This page is based on the 1993 Jepson Manual.
Please see the Jepson eFlora for up-to-date information about California vascular plants.
|Jepson Flora Project: Jepson Interchange|
|TREATMENT FROM THE JEPSON MANUAL||
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Jepson Interchange (more information)
©Copyright 1993 by the Regents of the University of California
Print edition is available from the University of California Press
|The second edition of The Jepson Manual (2012) is available from the University of California Press|
|See also the Jepson eFlora, which parallels the Second Edition|
Annual to tree
Leaves basal or cauline, alternate to whorled, simple to compound
Inflorescence: 1° inflorescence a head, each resembling a flower, 1many, generally arrayed in cymes, generally subtended by ± calyx-like involucre; flowers 1many per head
Flowers bisexual, unisexual, or sterile, ± small, of several types; calyx 0 or modified into pappus of bristles, scales, or awns, which is generally persistent in fruit; corolla radial or bilateral (rarely 0), lobes generally (0)45; stamens 45, anthers generally fused into cylinder around style, often appendaged at tips, bases, or both, filaments generally free, generally attached to corolla near throat; pistil 1, ovary inferior, 1-chambered, 1-seeded, style 1, branches 2, generally hair-tufted at tip, stigmas 2, generally on inside of style branches
Fruit: achene, cylindric to ovoid, generally deciduous with pappus attached
Genera in family: ± 1300 genera, 21,000 species (largest family of dicots): worldwide. Largest family in CA. Also see tribal key to CA genera: Strother 1997 Madroño 44(1):128. See glossary p. 25 for illustrations of general family characteristics.
Annual or perennial herb, generally densely glandular, aromatic
Stems 1several, generally simple below, ± branched above
Leaves generally opposite below, alternate above, generally linear to lanceolate, entire to slightly toothed
Inflorescence: heads generally radiate, generally peduncled, fewmany; phyllaries generally 120, free, enclosing (and falling with) ray achenes; receptacle ± flat, generally glabrous; chaff scales generally ± fused, in ring between ray and disk flowers
Ray flowers generally 120, sometimes minute; ligules 23-lobed, generally yellow
Disk flowers 1many, sometimes staminate; corollas yellow or maroon; anther tips triangular-ovate; style tips linear to oblong, acute, bristly
Fruit club-shaped or obovoid; ray achenes compressed, thickened, or 3-angled (1 angle toward center of head), ridged, sometimes beaked; pappus 0 or of short scales; disk achenes ± symmetric; pappus 0 or of 410 scales or bristles
Species in genus: 21 species: w North America, sw South America
Recent taxonomic note: *See revised taxonomy of Baldwin 1999 Novon 9:462471.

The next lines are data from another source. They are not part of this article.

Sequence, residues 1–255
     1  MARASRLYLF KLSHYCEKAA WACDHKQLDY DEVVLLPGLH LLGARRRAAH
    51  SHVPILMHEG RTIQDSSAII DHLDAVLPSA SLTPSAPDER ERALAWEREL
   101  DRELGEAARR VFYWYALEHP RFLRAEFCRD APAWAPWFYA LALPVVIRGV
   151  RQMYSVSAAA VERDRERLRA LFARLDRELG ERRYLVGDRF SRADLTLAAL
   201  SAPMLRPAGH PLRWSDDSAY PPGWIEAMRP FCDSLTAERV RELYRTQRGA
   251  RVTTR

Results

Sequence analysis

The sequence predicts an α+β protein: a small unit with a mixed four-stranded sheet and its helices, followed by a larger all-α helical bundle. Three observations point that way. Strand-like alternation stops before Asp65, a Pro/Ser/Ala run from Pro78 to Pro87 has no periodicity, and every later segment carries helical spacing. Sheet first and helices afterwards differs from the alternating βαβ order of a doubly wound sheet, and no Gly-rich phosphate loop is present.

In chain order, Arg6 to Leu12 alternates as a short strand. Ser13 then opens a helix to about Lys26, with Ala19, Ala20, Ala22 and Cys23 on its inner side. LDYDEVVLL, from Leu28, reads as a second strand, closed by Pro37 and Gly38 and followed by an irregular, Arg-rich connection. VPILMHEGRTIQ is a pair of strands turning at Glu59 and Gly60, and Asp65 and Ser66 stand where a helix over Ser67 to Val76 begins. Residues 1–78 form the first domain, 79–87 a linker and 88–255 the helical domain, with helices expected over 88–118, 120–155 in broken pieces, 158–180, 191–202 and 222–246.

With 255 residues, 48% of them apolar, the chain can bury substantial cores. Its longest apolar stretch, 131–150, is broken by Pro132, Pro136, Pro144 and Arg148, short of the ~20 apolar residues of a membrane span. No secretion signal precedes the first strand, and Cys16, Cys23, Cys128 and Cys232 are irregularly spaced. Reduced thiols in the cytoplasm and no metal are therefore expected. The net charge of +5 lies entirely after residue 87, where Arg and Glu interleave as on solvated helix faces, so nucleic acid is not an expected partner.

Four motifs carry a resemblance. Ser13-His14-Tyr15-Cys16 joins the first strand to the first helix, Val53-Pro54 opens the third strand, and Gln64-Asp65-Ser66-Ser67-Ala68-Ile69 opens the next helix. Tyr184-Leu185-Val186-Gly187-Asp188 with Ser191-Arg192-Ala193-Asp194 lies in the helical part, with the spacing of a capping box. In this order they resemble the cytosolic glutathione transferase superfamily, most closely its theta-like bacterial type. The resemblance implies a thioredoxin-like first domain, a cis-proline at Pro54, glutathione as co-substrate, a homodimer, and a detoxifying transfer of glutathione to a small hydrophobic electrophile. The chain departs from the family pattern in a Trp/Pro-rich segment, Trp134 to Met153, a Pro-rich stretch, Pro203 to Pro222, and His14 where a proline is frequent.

Etymology: (Chilean name)
Reference: [Nelson & Nelson 1980 Brittonia 32:323325]
Perennial 512 dm, strongly scented
Stems ± bristly below; upper branches densely stalked-glandular; glands dark brown to black
Leaves 1030 cm, opposite well up stem, fused at base, bristly; upper alternate, often much reduced
Inflorescence: heads few, long-peduncled, in rounded or flat-topped clusters; involucre 913 mm, bell-shaped or hemispheric; phyllaries densely glandular, ± bristly, tips acuminate; chaff scales free or fused only near base
Ray flowers 812, showy; corolla tubes ± 3 mm, ligules 713 mm
Disk flowers 3065, fertile; corollas 57 mm; anthers black
Fruit: ray achenes 57 mm, club-shaped, moderately curved, ± compressed side-to-side, obscurely 5-veined, dark brown or black, ± glabrous, beak ± 0, pappus 0 or minute crown; disk achenes 58 mm, narrowly club-shaped, short-hairy, brown; pappus scales 510, 15 mm, linear-lanceolate, ciliate
Ecology: Meadows, streambanks
Elevation: 10002600 m.
Bioregional distribution: Klamath Ranges, High North Coast Ranges, High Cascade Range, High Sierra Nevada
Distribution outside California: s Oregon
Recent taxonomic note: *Kyhosia bolanderi (A. Gray) B.G. Baldwin
|YOU CAN HELP US make sure that our distributional information is correct and current. If you know that a plant occurs in a wild, reproducing state in a Jepson bioregion NOT highlighted on the map, please contact us with that information. Please realize that we cannot incorporate range extensions without access to a voucher specimen, which should (ultimately) be deposited in an herbarium. You can send the pressed, dried collection (with complete locality information indicated) to us (e-mail us for details) or refer us to an accessioned herbarium specimen. Non-occurrence of a plant in an indicated area is difficult to document, but we will especially value your input on those types of possible errors (see automatic conversion of distribution data to maps).|